Are Animal Sacrifices mentioned In Zend Avesta?

   
 


 

 

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Are Animal Sacrifices mentioned In Zend Avesta?

by Mrs. Pervin Mistry

 

 

The word "sacrifice" means giving up or forsaking of a thing, a quality, and it could also mean the killing of an animal. Our religion is fundamentally based on the purity of body, mind and soul. It emphasizes Universal Brotherhood and extends it to all the Kingdoms of Nature that include, most importantly, the animal kingdom, and the plants, minerals as well as the elements that are within us and without us such as the elements of fire, water, air and earth. Subsequently, great care and importance is given to the preservation of the sacred elements of Nature, namely, fire, water, air and earth. These are to be safeguarded from being polluted. In all our rituals we invite and invoke Ahura Mazda, the Divine Yazatas, the Holy fravashies of Asho Zarathushtra and all the righteous men and women. Is it possible, is it ever conceivable, that during the consummation of any such rituals performed in the presence of the sacred elements with utmost purity of environment as well as of body, mind and soul, that "blood" or any other "nasu" formed a part of that ritual? Certainly not!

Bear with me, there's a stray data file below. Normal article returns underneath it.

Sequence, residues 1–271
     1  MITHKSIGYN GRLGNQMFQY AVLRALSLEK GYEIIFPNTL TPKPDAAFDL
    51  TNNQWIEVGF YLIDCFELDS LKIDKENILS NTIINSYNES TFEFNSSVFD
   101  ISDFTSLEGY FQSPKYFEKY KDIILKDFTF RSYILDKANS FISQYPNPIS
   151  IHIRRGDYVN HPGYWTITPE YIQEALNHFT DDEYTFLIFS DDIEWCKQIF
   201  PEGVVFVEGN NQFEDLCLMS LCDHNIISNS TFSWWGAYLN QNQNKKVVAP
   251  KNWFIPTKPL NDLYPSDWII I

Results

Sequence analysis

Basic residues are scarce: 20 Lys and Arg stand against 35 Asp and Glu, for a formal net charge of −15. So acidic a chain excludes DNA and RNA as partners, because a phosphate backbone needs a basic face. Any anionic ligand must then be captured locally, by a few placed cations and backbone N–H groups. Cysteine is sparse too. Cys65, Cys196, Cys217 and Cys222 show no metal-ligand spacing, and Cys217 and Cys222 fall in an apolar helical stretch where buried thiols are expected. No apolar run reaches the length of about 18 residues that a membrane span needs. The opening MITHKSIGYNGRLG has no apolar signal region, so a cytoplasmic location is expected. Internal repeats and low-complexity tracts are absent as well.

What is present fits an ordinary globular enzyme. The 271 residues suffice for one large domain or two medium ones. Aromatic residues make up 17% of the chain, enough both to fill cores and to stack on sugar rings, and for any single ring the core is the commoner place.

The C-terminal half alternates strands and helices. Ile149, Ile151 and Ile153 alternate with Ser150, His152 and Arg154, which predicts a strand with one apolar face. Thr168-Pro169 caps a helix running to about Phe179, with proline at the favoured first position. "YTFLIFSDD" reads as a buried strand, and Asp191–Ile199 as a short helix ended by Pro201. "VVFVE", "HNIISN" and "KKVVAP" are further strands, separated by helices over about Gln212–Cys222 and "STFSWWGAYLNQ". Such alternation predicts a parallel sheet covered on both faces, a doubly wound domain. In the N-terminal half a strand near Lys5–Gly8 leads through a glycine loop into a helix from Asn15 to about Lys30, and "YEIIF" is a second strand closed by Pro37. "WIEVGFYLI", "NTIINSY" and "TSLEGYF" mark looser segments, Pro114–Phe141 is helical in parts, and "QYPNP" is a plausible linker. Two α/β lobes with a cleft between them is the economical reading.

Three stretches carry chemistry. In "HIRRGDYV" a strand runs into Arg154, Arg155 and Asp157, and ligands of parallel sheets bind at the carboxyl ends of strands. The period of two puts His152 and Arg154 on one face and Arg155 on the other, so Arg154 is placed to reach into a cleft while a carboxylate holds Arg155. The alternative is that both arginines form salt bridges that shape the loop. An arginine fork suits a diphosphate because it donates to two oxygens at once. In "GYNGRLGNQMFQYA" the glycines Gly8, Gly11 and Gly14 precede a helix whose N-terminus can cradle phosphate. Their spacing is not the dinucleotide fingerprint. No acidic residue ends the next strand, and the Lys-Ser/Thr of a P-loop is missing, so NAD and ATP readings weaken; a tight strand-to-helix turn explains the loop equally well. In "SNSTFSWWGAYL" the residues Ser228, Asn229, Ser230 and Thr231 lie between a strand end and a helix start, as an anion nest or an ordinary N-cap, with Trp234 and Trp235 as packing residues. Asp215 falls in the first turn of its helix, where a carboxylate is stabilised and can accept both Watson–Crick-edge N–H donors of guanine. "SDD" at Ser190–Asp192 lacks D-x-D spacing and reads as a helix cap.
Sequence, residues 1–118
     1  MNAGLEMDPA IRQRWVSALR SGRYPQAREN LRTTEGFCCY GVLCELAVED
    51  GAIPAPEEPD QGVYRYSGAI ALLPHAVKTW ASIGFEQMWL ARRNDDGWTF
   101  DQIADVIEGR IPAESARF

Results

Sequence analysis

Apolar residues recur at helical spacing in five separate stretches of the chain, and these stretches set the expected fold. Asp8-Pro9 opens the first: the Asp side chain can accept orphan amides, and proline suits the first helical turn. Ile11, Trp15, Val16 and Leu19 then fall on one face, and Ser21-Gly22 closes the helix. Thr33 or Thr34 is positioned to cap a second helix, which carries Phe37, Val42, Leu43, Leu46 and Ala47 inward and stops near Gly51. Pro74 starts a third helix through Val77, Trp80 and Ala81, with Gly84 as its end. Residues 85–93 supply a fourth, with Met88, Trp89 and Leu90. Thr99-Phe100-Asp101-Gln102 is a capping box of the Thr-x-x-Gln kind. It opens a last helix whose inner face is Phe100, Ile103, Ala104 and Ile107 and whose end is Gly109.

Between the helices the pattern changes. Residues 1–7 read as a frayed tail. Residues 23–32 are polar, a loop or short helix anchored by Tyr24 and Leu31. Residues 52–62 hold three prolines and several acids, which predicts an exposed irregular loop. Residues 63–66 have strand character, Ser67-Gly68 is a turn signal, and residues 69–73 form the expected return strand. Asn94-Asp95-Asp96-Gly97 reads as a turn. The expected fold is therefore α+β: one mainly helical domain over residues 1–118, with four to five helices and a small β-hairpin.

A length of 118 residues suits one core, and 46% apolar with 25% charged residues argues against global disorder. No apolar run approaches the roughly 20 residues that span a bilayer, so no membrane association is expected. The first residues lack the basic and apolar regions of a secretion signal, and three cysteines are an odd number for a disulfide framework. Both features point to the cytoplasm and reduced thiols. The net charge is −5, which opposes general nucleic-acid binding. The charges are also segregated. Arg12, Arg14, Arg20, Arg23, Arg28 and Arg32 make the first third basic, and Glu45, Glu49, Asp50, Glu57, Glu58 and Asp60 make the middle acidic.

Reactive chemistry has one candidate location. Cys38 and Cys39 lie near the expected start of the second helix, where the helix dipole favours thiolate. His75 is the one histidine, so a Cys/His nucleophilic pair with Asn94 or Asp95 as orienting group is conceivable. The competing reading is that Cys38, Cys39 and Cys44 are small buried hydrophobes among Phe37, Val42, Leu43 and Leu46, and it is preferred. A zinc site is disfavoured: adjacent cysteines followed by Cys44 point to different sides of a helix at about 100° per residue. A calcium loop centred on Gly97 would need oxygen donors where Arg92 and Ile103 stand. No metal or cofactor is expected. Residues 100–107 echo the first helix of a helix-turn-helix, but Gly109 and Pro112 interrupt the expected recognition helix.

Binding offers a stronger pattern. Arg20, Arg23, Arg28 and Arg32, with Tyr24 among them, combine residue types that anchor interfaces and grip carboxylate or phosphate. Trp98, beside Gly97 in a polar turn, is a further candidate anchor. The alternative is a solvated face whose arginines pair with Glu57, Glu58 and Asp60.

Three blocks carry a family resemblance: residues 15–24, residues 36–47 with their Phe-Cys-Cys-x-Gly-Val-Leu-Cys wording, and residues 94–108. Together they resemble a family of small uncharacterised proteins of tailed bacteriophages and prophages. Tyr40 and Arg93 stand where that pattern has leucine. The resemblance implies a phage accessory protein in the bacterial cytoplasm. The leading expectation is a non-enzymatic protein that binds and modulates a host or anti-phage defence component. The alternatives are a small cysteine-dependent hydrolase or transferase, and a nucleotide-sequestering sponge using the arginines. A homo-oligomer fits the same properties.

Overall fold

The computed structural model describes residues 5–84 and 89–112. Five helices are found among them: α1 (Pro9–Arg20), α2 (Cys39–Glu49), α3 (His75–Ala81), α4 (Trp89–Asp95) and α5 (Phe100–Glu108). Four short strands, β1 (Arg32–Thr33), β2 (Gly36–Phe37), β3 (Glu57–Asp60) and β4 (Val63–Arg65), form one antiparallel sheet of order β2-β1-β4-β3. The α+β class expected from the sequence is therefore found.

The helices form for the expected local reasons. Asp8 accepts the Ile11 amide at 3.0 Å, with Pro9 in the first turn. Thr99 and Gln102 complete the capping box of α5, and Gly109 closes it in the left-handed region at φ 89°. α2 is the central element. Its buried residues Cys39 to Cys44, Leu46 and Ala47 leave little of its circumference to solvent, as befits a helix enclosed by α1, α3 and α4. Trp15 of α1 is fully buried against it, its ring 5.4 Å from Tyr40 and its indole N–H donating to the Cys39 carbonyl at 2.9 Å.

We are taught that as soon as life leaves the physical form, the dead body is considered "druj" or "nasu". Even when the body is alive, any part of the body, viz. hair, nail, blood, or any excretion which is not part of the vital circulation within the body, immediately becomes "nasu". It is then considered as angre-mainyu or the dark side. Dinkard mentions how the evil sorcerers falsely accused Asho Zarathushtra to be in possession of "nasu" to enhance the evil powers. But Asho Zarathushtra proved to King Vishtaspa that He was innocent of the false accusation and moreover, He also made the King aware as to who the real culprits were! This episode unequivocally proves that the so-called ritual use of "nasu", or an actual "sacrifice" is absolutely forbidden in any and all our rituals. It is a repugnant thought to even consider for a minute that our rituals, performed with utmost purity and piety, can ever tolerate the use of "nasu" in any shape, form or in any way or manner what-so-ever!